Over half (59%) of Irish shoppers said that low price vegetables would make them more likely to shop in a particular store, according to the latest survey from Empathy Research.
Of 1,309 respondents, more females (61%) than males (57%) felt that pricing vegetables low would impact their decision on which retailer to shop in. Age-wise, the youngest group were most influenced, with 70% 18-24 years olds agreeing it would sway their preference, while the other age groups were much less affected; 25-34 (57%), 35-44 (61%) and 45+ (57%).
The majority (89%) of shoppers surveyed said that they had noticed the price promotions on vegetables over the Christmas period, where several retailers offered 5 cent vegetables in a bid to gain customers. Repondents with children had more awareness (94%) of the promotions, than those without (84%).
Almost two-thirds (64%) of Irish shoppers admitted that they took advantage of the 5 cent vegetables offers and despite younger age cohorts saying it would sway them the most when choosing a store, it was the older age groups that actually availed of them most.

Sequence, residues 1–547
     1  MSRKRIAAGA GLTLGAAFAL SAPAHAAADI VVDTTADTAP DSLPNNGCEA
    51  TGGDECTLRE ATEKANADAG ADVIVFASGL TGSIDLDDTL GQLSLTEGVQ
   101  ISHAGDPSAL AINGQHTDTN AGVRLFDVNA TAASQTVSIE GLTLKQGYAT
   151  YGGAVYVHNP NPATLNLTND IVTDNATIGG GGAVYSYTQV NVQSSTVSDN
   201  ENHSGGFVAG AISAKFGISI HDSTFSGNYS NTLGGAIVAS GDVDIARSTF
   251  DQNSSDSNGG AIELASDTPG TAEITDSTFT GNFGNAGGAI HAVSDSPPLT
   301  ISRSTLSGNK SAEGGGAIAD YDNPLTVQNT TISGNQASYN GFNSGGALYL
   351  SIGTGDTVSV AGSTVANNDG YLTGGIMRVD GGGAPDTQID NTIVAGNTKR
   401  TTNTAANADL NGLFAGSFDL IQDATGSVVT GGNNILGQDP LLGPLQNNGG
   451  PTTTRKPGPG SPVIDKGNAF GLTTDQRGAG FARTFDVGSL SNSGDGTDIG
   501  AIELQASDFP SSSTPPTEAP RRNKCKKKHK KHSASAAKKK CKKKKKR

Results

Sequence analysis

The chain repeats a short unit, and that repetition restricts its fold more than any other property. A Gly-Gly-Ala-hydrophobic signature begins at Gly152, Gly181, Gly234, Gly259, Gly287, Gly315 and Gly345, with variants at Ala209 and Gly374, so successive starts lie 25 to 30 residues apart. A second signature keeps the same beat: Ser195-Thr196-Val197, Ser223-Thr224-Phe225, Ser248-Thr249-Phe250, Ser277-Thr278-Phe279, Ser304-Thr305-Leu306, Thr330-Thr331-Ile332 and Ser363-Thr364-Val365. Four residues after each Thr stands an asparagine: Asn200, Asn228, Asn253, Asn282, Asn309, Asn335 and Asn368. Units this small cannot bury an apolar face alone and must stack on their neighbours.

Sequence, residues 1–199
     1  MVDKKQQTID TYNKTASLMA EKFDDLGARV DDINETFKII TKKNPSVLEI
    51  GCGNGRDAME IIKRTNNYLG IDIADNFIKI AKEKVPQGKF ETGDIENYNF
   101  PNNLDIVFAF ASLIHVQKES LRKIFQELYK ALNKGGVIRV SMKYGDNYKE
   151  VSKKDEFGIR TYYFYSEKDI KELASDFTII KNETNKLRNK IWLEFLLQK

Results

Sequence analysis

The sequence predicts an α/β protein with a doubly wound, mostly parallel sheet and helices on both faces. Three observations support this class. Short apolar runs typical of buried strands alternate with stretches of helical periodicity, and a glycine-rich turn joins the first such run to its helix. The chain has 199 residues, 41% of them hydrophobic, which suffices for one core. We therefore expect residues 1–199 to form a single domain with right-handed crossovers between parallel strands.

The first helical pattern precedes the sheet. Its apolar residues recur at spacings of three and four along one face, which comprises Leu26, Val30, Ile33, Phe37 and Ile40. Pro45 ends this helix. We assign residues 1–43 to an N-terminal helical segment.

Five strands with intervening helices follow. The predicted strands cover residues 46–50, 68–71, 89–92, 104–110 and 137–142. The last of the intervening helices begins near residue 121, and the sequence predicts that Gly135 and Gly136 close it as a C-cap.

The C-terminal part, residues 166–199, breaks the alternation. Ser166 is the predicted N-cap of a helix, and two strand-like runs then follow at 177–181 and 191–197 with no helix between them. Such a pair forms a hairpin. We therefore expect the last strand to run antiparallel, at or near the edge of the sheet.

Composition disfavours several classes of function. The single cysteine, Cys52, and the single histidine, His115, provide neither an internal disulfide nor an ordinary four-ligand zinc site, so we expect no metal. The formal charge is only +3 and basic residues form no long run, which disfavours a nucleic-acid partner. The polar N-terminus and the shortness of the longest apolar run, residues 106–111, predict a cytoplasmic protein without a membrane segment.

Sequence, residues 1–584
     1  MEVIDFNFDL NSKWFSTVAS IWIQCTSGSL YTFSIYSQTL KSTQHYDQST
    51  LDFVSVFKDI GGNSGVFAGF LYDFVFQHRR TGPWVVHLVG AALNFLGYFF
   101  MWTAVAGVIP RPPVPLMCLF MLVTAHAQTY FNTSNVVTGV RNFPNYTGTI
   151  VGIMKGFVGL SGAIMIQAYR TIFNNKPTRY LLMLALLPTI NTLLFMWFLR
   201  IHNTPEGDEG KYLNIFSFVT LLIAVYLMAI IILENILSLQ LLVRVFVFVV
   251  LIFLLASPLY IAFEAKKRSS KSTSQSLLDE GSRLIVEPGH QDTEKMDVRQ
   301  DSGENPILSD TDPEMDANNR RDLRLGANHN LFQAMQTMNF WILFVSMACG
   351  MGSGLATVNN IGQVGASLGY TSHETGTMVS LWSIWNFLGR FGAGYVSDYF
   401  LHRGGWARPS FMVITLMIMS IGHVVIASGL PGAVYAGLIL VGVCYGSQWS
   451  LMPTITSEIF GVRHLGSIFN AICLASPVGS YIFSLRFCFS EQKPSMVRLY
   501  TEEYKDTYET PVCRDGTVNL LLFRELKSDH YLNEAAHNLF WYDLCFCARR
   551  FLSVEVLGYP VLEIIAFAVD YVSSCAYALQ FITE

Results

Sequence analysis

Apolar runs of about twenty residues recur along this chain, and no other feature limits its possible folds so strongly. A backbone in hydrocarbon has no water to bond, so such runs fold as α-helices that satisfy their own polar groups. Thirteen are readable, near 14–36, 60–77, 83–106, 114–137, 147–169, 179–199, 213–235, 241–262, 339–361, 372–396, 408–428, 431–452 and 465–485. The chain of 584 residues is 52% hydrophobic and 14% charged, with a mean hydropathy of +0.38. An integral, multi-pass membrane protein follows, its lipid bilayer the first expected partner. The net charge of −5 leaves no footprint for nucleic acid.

Over two-thirds of 35-44 (68%) and 45+ year olds (70%) availed of the 5 cent vegetable initiative over Christmas. This is significantly higher than 18-24 (58%) and 25-34 year olds (50%). Regionally, the majority of those in Leinster (70%) bought the 5 cent veg, while other areas were less inclined to buy them, Dublin (56%), Munster (65%) and Connacht/Ulster (64%). Meanwhile, participants with children (71%) were more likely to have availed of the low price vegetables than participants without children (56%).
Well over half (59%) of those surveyed thought the 5 cent vegetables initiative was useful in promoting healthy eating. However, women (63%) were more of this opinion than males (55%). The younger age groups also thought the promotions were positive health incentives, compared to older age groups; 18-24 (69%), 25-34 (64%), 35-44 (61%) and 45+ (52%).
Although most (81%) of the Irish shoppers surveyed believe price wars in stores is 'great news' for consumers, just over 12% mentioned they would not trust food sold at such a low price.
Meanwhile, two-thirds (67%) of consumers believed this level of cost cutting is harmful to the farming industry, with three-quarters (75%) of 25-34 year olds saying they thought that cost cutting such as 5 cent vegetables is harmful to farmers. The other age groups were not as concerned; 18-24 (58%), 35-44 (62%) and 45+ (68%).
In addition, almost two-thirds (61%) of the survey respondents admitted they would support low cost selling promotions. This was felt strongest among 18-24 year olds (70%) compared to all other age groups; 25-34 (63%), 35-44 (62%) and 45+ (56%).
Click here for more information from Empathy Research.
© 2013 - Checkout Magazine by Genna Patterson